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Creators:
Gould, George H.
Gonzales, Justo
Mash-ha-wi-aght
Yates, Lorenzo G. (Lorenzo Gordin), 1837-1909
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Dates:
undated
Size:
12 Pages
Collection ID:
NAA.MS854
Repository:
National Anthropological Archives

Recorded January 4, 18, and 31, 1887, from Justo Gonzales or Mash-ha-wi-aght. 12 page original and 14 page typed copy. Contains over 211 entries, arranged in accordance with the "standard vocabulary" form of the Smithsonian.

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Creators:
Gould, George H.
Harrington, John Peabody, 1884-1961
Dates:
1886-1887
Size:
1 Folder
Collection ID:
NAA.MS6034
Repository:
National Anthropological Archives

Contains: Interview with Rafael Solaris concerning tubes, bone cylinders, and charm stones. Santa Barbara, California. November 28, 1886. Interview with Justo Gonales and Rafael Solaris concerning ring stones, tubes, and other objects. [Santa Barbara, California?]. January 4, 1887. Interview with Juan de Jesus concerning artifacts, houses, etc...

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Creators:
Mitchell, Fred, 1923-
Dates:
1938-2007
Size:
14.3 Linear feet
Collection ID:
AAA.mitcfred
Repository:
Archives of American Art

The papers of Fred Mitchell, 1938-2007, measure 14.3 linear feet. Correspondence, writings, 29 diaries, and subject files, document his personal life and career as a painter and educator in New York City. The papers also include biographical materials, artwork, sketchbooks, printed material, and photographs.

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Creators:
Smithsonian Institution. Center for Folklife and Cultural Heritage
Dates:
June 25-July 6, 2014
Size:
1 Cubic foot (approximate)
Collection ID:
CFCH.SFF.2014
Repository:
Ralph Rinzler Folklife Archives and Collections

The Smithsonian Institution Festival of American Folklife, held annually since 1967 on the National Mall in Washington, D.C., was renamed the Smithsonian Folklife Festival in 1998. The materials collected here document the planning, production, and execution of the annual Festival, produced by the Smithsonian Center for Folklife and Cultural Heritage (1999-present) and its predecessor offices (1967-1999). An overview of the entire Festival records group is available here: Smithsonian Folklife Festival records.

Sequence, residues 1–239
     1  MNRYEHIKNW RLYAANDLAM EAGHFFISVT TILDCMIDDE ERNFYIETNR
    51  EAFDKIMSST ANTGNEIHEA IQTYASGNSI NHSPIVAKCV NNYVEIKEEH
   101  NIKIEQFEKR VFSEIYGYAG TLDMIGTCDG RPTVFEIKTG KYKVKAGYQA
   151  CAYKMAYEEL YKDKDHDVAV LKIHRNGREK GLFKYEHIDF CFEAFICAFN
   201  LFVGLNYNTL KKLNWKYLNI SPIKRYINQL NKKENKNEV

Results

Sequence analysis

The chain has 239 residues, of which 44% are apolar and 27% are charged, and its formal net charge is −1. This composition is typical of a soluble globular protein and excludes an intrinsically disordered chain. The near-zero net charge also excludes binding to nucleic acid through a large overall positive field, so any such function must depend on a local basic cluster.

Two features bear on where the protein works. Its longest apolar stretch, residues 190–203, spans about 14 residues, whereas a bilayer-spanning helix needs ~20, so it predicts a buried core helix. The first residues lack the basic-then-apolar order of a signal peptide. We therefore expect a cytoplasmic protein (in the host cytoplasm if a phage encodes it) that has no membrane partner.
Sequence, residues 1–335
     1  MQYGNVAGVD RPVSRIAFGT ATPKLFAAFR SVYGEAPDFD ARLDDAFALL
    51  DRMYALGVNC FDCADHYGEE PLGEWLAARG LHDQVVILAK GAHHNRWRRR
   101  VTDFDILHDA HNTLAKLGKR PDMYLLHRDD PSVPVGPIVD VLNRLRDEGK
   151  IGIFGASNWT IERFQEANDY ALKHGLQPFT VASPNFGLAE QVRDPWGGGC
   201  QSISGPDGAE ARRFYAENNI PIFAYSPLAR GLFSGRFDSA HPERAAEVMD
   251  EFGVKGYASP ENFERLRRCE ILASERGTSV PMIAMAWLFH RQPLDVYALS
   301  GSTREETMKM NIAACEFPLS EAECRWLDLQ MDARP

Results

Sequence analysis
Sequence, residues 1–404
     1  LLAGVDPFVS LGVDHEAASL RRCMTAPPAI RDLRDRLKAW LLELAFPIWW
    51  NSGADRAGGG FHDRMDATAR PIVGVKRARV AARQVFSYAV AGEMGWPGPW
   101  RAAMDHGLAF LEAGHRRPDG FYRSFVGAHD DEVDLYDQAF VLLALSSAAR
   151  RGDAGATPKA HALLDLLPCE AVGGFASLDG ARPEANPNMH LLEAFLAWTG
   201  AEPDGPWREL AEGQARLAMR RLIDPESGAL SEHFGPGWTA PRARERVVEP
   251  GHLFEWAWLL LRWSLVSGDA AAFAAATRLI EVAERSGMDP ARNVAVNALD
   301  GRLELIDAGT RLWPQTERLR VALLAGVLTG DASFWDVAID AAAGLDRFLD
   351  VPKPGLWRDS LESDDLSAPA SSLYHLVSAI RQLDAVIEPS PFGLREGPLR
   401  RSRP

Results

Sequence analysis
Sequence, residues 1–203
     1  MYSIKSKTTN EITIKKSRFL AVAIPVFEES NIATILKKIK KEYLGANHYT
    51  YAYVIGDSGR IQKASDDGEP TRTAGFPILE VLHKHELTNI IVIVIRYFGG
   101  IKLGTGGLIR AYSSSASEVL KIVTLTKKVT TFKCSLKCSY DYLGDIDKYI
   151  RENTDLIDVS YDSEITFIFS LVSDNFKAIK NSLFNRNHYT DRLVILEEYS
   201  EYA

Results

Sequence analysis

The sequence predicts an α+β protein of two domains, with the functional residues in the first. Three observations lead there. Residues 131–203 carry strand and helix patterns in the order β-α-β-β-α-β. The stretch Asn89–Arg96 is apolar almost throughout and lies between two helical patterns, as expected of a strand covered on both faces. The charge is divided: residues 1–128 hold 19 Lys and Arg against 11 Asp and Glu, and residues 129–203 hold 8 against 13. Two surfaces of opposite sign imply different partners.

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Creators:
Harrington, John Peabody, 1884-1961
Dates:
1907-1959 (some earlier)
Size:
683 Linear feet
Collection ID:
NAA.1976-95
Repository:
National Anthropological Archives

Harrington was a Bureau of American Ethnology ethnologist involved in the study of over one hundred American tribes. His speciality was linguistics. Most of the material concerns California, southwestern, northwestern tribes and includes ethnological, archeological, historical notes; writings, correspondence, photographs, sound recordings, biological specimens, and other types of documents. Also of concern are general linguistics, sign language, writing systems, writing machines, and sound recordings machines. There is also some material on New World Spanish, Old World languages. In addition, there are many manuscripts of writings that Harrington sketched, partially completed, or even completed but never published. The latter group includes not only writings about anthropological subjects but also histories, ranging from a biography of Geronimo to material on the history of the typewriter. The collection incorporates material of Richard Lynch Garner, Matilda Coxe Stevenson, and others. In his field work, Harrington seems sometimes to have worked within fairly firm formats, this especially being true when he was "rehearing" material, that is in using an informant to verify and correct the work of other researchers. Often, however, the interviews with informants (and this seems to have been the case even with some "rehearings") seem to have been rather free form, for there is a considerable intertwining of subjects. Nevertheless, certain themes frequently appear in his work, including annotated vocabularies concerning flora and fauna and their use, topography, history and biography, kinship, cosmology (including tribal astronomy), religion and philosophy, names and observations concerning neighboring tribes, sex and age division, material culture, legends, and songs. The fullness of such materials seems to have been limited only by the time Harrington had to spend with a goup and the knowledge of his informants.

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